“I shared my experience, my story, with the women [I work with],” Amani told me. “I see we are doing what we are doing because I trust the power of women. I trust what I learned from my mom, when she showed us that she believed, ‘My children are going to remain my foundation.’”

Amani’s belief in the power of women and education is what fuels his work in eastern Congo, and what we at Action Kivu work to support. His mother, who inspired this work, was also killed in the conflict, in 1998. In honor of all she taught him through her strength and love, he has created a community in Congo where women are learning entrepreneurial skills like sewing, baking, basket-making, and literacy training.

We learned last week that Democratic Republic of Congo’s M23 rebels have declared a ceasefire after a 20-month rebellion in North Kivu province to allow peace talks with the government to advance. It’s a hopeful step. But only yesterday we read that the fighting rages on, endangering more innocent civilians. At least 800,000 people have been left homeless since the conflict started.

NOW is the time to empower women with a voice for peace. Women in Mumosho stop Amani on the street, telling him they’ve observed their neighbors who are taking the literacy classes at the Mumosho Women’s Center. That they see women able to read and write their own names for the first time, enabling them to vote in their country’s elections. These women want that right, too. When they learn to read and write, they’ll be able to teach their children the value of literacy. And their children will learn, as Amani learned, that their mothers and aunties are strong, and won’t be stopped in their work for a better future for their children.

Meet Amani via video: The Enough Project’s “I Am Congo” Series.

Donate today and partner with the women currently in classes, and help us expand our programs to include more women!

Heroes of Healing in Congo: Dr. Denis Mukwege & Amani Matabaro

This past weekend in Ethiopia, a Peace Accord was signed to attempt to end decades of conflict in Congo. According to reports, despite this encouraging step, the accord does not specify enough detail or plan of action, and there are signs of a return to fighting between the Congolese government and the M23 rebels.

That same weekend, a celebration of peace was held in eastern Congo, as the Bukavu Rotary Club honored 108 years of the Rotary Foundation. Dr. Denis Mukwege, the main speaker at the event, is a hero of healing whose Panzi Hospital has served multitudes of women in the war-torn region. Mukwege only recently returned to Bukavu after an attempt on his life in October of 2012. Amani, a member of the Bukavu Rotary and friend of Dr. Mukwege, noted that the doctor is a great inspiration to him.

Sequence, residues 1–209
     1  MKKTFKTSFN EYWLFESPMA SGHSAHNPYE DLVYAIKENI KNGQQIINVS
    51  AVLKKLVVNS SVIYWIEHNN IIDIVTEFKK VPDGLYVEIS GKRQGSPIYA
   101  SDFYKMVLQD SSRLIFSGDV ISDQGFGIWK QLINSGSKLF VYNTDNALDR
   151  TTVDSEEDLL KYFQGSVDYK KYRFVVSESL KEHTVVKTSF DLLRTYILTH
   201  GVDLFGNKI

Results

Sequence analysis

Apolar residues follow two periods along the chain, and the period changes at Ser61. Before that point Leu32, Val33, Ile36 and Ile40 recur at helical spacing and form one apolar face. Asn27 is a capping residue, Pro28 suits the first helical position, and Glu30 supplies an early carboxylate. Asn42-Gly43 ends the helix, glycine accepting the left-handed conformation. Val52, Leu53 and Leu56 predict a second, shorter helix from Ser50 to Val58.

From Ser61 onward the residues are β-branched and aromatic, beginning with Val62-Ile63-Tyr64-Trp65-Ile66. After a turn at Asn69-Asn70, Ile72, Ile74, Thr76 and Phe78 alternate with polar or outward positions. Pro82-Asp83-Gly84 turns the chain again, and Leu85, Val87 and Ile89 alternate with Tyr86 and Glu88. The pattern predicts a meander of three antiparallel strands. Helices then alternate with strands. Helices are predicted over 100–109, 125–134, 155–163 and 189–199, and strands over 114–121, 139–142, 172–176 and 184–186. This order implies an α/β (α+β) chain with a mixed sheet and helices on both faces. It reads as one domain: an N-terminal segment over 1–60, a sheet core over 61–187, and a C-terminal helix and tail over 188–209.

Mukwege addressed the Rotary gathering in light of their theme, “Peace and Global Understanding,” and Peace through Service. “I was renewed by  his moving speech,” Amani wrote. “[It] gave me hope again in the fight to end  war and poverty and injustice by not only empowering the most impoverished communities to help themselves here in the Eastern Congo, starting in Mumosho, but also making our voices heard to the international community and regional policy makers!  I was encouraged when Dr Mukwege said: ‘It’s high time we stood up and fight corruption, impunity and injustice and no, no to the balkanization of Congo.'”  Amani added, “Violence against women should stop once and for all!”


Dr. Mukwege addresses the Bukavu Rotary Club, Feb 2013.

The Rotary’s celebration of peace started Friday in Mumosho, where Rotary leaders met with ABFEK / Action Kivu’s hero of healing and peace, Amani Matabaro. In honor of the  celebration, Amani opened the new Mumosho Women’s Center. Still needing funds and work to be completed, Amani gave a tour of the center, which will house Empower Congo Women’s teen-mother program, giving a year of safe shelter and skills-training to 10 young mothers, empowering them to provide for themselves and their children.  The center will house Action Kivu’s multiple projects, including our literacy programs, skills-training workshops, and a workspace for graduates of the sewing workshop. It will also serve as a community gathering place, hosting forums and trainings toward building peace in the family, in the community, and in Congo.

Amani explains how the Mumosho Women’s Center will serve the community.

A leader of the Bukavu Rotary speaking at the Mumosho Women’s Center.

A group of young mothers in Mumosho.

More to come on the opening of the Women’s Center!  If you’d like to partner with us in covering the costs of the construction, please note that in a donation.  All donations go directly to the programs already running, but the need is great, and we’re excited to grow with your partnership!

Robin Wright: Meeting Amani and the Women of Mumosho

“The women from the Action Kivu sewing center also came out to meet us and asked that we carry their message of triumph and hope back to the U.S.”

Read more from Robin Wright and JD Stier about meeting Amani and the women of Mumosho’s Sewing Workshop here!

Robin Wright, photo courtesy of Enough Project

And if  you’ve yet to meet Amani via Enough Project’s video series, I am Congo - watch now, and spread the message of hope!